Well-to-wheel analysis of bio-methane via gasification, in heavy duty engines within the transport sector of the European Union
Artikel i vetenskaplig tidskrift, 2016

Bio-methane from biomass gasification (bio-methane) is expected to play a major role as a biofuel in the heavy transport sector, since the production process has reached the technical maturity required for large-scale exploitation, and the fact that bio-methane can be distributed through the compressed natural gas (CNG) and liquefied natural gas (LNG) supply chains. Assuming that the burning of biomass is climate-neutral, we compared the well-to-wheel (WtW) emissions from the use of bio-methane in heavy duty engines with those from currently used fossil alternatives: CNG, LNG, and diesel. The well-to-tank (WtT) analysis of bio-methane is based on the case study of the new GoBiGas plant in Gothenburg (Sweden), which is the largest bio-methane plant in the world currently in operation. Finally, tank-to-wheel (TtW) section compares three different state-of-the-art heavy duty gas engines: a spark-ignited (SI) gas engine; a dual fuel (DF) engine; and a high-pressure direct injection (HPDI) engine.The WtT emissions for compressed bio-methane (bio-CNG) and liquefies bio-methane (bio-LNG) were estimated at 21.5 [gCO2e/MJbioCNG] and 26.2 [gCO2e/MJbioLNG]. As compared to diesel the WtW emissions from bio-methane were reduced by 60-67%, 43-47%, and 64% when used in SI, DF, and HPDI engines, respectively. HPDI and DF are the most efficient technologies for the utilization of biomass, reducing emissions by 39 gCO2e and 33-36 gCO2e per MJ of biomass, respectively, compared with the diesel case, whereas the SI engine gave an emissions saving of 29-31 gCO2e.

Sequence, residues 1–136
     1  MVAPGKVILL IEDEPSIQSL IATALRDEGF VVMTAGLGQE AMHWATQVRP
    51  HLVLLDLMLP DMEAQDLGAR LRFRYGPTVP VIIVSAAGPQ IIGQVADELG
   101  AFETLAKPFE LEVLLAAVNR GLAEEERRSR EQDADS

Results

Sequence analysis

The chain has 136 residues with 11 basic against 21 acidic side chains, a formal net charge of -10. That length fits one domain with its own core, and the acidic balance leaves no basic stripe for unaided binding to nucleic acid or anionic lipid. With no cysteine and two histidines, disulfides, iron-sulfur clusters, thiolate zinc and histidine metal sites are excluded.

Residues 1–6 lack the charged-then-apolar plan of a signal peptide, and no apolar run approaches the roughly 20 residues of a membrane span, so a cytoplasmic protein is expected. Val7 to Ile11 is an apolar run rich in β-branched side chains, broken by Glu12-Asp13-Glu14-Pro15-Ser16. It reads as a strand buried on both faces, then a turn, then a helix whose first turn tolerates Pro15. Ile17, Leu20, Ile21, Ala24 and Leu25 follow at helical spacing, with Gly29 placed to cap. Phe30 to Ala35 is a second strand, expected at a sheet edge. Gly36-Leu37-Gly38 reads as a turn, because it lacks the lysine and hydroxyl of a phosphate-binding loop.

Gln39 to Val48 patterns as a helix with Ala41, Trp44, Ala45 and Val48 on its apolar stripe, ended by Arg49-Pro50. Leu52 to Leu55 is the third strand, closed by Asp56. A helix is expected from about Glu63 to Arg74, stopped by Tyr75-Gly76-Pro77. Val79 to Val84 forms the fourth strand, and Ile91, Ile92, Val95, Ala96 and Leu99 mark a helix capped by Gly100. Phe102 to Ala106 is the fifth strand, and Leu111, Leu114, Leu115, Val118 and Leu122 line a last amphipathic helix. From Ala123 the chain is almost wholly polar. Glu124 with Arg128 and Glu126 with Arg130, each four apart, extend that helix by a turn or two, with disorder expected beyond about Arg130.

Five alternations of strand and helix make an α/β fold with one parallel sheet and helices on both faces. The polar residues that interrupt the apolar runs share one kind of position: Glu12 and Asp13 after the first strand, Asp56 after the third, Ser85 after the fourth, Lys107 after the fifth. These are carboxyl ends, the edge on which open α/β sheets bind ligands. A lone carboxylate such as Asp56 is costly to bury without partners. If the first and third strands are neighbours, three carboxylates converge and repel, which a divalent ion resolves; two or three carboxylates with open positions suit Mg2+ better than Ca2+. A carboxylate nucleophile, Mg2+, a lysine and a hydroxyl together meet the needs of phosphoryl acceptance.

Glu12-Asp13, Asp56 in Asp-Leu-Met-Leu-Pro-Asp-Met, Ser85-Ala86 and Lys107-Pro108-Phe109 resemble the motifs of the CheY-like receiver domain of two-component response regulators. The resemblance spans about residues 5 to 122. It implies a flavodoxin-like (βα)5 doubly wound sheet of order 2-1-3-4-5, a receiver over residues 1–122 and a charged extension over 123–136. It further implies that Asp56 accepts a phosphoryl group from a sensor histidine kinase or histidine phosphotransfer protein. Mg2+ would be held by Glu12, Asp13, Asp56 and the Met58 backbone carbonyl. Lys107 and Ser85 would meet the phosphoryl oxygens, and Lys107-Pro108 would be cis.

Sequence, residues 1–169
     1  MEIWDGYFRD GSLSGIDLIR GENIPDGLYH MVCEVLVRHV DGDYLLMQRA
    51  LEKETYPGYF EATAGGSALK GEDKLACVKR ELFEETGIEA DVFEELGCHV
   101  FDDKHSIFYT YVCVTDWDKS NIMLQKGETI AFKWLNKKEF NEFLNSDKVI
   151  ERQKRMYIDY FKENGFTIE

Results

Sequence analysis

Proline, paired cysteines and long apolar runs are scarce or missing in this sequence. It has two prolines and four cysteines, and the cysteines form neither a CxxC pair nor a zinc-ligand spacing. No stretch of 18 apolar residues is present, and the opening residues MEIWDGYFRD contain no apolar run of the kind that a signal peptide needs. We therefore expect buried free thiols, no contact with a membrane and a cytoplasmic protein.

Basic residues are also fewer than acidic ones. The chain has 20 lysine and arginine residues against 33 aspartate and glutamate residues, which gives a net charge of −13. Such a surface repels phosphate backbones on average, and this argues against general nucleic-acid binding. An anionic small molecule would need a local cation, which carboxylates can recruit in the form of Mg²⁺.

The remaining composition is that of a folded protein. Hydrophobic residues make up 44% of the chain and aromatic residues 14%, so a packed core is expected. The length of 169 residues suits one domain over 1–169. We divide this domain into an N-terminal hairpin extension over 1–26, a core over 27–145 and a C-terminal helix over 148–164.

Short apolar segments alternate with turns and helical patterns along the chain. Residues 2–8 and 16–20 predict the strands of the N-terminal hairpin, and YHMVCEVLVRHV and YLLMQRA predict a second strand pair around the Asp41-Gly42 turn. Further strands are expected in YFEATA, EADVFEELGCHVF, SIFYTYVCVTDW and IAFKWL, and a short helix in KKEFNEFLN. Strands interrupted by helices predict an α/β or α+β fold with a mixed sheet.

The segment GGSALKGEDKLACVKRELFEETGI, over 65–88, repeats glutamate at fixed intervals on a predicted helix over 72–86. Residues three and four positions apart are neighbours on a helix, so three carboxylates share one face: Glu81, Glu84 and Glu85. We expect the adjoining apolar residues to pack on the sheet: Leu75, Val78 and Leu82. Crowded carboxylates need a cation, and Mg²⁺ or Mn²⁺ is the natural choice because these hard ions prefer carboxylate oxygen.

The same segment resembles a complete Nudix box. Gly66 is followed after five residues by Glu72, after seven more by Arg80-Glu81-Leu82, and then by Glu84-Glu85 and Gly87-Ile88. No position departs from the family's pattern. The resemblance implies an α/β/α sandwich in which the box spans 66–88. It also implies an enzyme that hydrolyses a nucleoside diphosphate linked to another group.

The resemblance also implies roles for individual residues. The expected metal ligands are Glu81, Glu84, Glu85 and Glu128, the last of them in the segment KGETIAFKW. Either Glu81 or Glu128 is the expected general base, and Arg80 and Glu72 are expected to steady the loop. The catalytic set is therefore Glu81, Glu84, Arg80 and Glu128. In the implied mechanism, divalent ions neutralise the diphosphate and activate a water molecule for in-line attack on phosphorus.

Dual fuel





Synthetic natural gas


Alberto Alamia

Chalmers, Energi och miljö, Energiteknik

I. Magnusson


Filip Johnsson

Chalmers, Energi och miljö, Energiteknik

Henrik Thunman

Chalmers, Energi och miljö, Energiteknik

Applied Energy

0306-2619 (ISSN)

Vol. 170 445-454